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Live-in-Relationships: The Indian Perspective

Many people imagine that living together before marriage resembles taking a car for a test drive - Saakshi O. Juneja. Bhumika Sharma talks about live-in-relationships which has recently trigerred an imense debate in the Parliament.

India is still looked by the world as a country where marriage occupies a sacramental position both philosophically and practically. The phrase ‘common law wife’ was used to signify legal rights as that of a wife enjoyed by a woman living with a man without marriage. The transformation in the life styles towards western style has definitely brought the need of ‘common law wife’ in India as well. By recognizing a woman who has not entered into the wedlock with rights of wife, whether we would do some harm to society?

Live-in-relationships are not new in our society. The only difference is that now people have become open about it. Formally they were known as “maitray karars” in which people of two opposite sex would enter into a written agreement to be friends, live together and look after each other. A change is visible in our society from arranged marriages to love marriages and now to ‘live-in-relationships’. If an analysis is made of need of such relationships, avoiding responsibility would emerge as the prime reason. The lack of commitment, the disrespect of social bonds and the lack of tolerance in relationships have given rise to alternative to marriages. Joel D Block, a leading Psychologist at New York has differentiated between three kinds of relationships on the basis of assumed obligations. “Going together implies sexual exclusivity; living together adds to this an agreement to combine living routines and marriage the implication of permanence. Living arrangements are the midpoint between the least restrictive (going with someone) and the most complex (the marriage). The very nature of the closeness allows a couple to provide with feedback so that they may recognize and modify relationship-defeating behaviours. It contains an element of convenience.”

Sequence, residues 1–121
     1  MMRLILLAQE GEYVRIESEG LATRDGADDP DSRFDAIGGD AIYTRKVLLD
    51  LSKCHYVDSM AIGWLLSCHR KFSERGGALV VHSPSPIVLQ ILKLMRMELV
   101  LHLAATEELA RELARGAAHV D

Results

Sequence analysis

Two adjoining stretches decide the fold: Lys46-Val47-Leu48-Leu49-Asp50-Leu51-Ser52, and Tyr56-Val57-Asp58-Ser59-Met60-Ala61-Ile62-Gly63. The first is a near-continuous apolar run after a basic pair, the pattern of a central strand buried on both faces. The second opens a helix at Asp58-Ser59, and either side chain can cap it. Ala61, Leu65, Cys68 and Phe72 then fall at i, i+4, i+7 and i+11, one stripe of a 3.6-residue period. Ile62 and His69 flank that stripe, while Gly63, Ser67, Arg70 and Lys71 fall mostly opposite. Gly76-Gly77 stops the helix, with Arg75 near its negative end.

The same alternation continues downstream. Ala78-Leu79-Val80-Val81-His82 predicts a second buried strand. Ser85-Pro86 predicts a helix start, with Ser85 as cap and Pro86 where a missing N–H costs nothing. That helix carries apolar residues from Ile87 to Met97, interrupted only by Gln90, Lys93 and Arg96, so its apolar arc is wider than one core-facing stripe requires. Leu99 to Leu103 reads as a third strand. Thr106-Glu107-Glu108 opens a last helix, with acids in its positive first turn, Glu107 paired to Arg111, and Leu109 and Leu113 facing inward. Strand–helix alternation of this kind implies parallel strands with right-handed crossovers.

Live-in-relationships and the common man